I am sure by now you’ve all see the heartwarming picture of the late President George H.W. Bush’s service dog Sully lying next to his casket. Washington Post reported that Sully is a two year old service dog from the Guide Dog Foundation’s VetDogs Program, which provides trained dogs to veterans in need. These dogs are trained by prison inmates in their Prison Puppy Program. Sully graduated from this very program, and spent every waking moment serving his boss since last June, as you can see on his instagram feed @SullyHWBush. The article states that “Among the services that Sully was able to perform for Bush were retrieving dropped items, opening and closing doors, pushing an emergency button and supporting him when standing.”
The Post reports that the Labrador will join the Walter Reed National Military Medical Center in Bethesda, Md. There, he will assist with “physical and occupational therapy to wounded soldiers and active duty personnel during their journey to recovery.”
Here, I’d like to share an article I wrote a few years ago for PupJournal about the amazing Prison Puppy Program.
I hope you read and share.
INMATES RAISE PUPPIES FOR VETERANS, AND IT’S A WIN-WIN
Our veterans are in need of service dogs, and the America’s VetDogs Program is rising up to the challenge by providing them with canines trained in prisons to help them lead normal lives. In the Prison Puppy Program, the puppies, usually Labradors, Golden Retrievers, and Lab/Golden mixes, receive a handler around the clock. Inmates feel immense fulfillment and pride in giving back to society while learning valuable dog training skills — not to mention spending time with an adorable companion.
America’s VetDogs’ Prison Puppy Program was launched by The Guide Dog Foundation, based in Smithtown, Long Island, with the hopes of enriching the lives of inmates and providing the puppies a chance to be great service dogs.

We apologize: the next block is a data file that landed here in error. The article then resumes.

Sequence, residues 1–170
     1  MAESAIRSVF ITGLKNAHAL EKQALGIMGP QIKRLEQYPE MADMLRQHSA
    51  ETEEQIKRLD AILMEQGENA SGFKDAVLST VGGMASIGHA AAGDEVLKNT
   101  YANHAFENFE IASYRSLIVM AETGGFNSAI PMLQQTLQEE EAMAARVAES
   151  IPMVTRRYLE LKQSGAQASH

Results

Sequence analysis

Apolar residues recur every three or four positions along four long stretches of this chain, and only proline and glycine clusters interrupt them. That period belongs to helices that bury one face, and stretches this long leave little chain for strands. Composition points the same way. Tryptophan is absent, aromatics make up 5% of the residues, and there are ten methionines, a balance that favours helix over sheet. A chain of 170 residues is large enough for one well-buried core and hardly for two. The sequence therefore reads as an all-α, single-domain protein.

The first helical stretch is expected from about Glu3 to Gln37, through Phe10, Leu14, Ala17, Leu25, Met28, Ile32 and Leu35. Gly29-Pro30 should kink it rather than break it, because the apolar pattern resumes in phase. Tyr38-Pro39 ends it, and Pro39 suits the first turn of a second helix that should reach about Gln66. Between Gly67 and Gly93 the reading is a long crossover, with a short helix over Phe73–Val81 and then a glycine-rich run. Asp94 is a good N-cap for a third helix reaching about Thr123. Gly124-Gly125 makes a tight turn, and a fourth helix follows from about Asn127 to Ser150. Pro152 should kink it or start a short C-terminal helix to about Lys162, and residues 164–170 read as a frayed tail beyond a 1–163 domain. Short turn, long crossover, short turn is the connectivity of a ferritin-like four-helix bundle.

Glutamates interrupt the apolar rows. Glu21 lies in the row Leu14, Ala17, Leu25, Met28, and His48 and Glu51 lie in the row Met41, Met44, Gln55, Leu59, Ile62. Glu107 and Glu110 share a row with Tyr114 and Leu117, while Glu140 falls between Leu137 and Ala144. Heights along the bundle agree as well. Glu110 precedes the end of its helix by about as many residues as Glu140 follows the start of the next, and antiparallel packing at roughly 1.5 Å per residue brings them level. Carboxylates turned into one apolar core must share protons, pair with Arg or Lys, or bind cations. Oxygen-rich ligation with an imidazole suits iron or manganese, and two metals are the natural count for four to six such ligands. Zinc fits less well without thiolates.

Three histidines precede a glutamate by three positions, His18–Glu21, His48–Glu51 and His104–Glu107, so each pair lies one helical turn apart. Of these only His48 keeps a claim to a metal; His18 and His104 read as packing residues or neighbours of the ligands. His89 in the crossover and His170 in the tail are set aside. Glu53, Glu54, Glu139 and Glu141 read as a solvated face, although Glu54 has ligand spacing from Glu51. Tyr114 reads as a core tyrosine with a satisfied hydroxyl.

When the pups turn eight weeks old, they are sent to live with specially chosen inmates at participating correction facilities in Massachusetts, Maryland, and Florida. There are currently 90 puppies being raised at 11 correctional facilities; first preference is given to incarcerated veterans who were honorably discharged.
Puppies need to be exposed to a variety of situations at an early age, and a prison is an ideal location where the handler can devote all of his time to the dog. Pups spend weekdays with their designated handlers, sharing their cells and learning housebreaking, crate training, and basic obedience.
They are also taught how to turn on lights, open doors, and retrieve dropped items. They follow their handlers everywhere, attending classes, observing recreational activities, and going to meals. Once a week, an America’s VetDogs instructor travels to the facility to provide instruction to fit the Guide Dog Foundation’s curriculum.
On the weekends, volunteer puppy raisers take the dogs into the real world, where they can experience busy streets, stores, car rides, and a home environment. They are also exposed to restaurants, libraries, other animals, and children to prepare them for life after training. The program relies heavily on the weekend raisers, and those who work full-time have an opportunity to participate
The dogs spend their time in prisons until they are about 16 months old, and proceed to receive advanced training at the Guide Dog Foundation. They are then matched with the right veterans to suit their specific needs.
Since 2003, VetDogs has placed more than 400 assistance dogs with disabled veterans, free of charge. Currently, there are more than 150 service dogs in the eld providing mobility and independence to veterans, active-duty service members, and first responders with disabilities.
The correctional facilities where puppies spend their time are a lot more peaceful and have a sense of normalcy; the veterans benefit because they are getting highly trained dogs from the prison program.
Andrew Rubenstein from the Guide Dog Foundation told PupJournal, “It is reported to us by all the prison leadership that having the dogs inside the walls has made the prison more calm, the inmates more responsive and compliant, and the atmosphere is more easygoing.”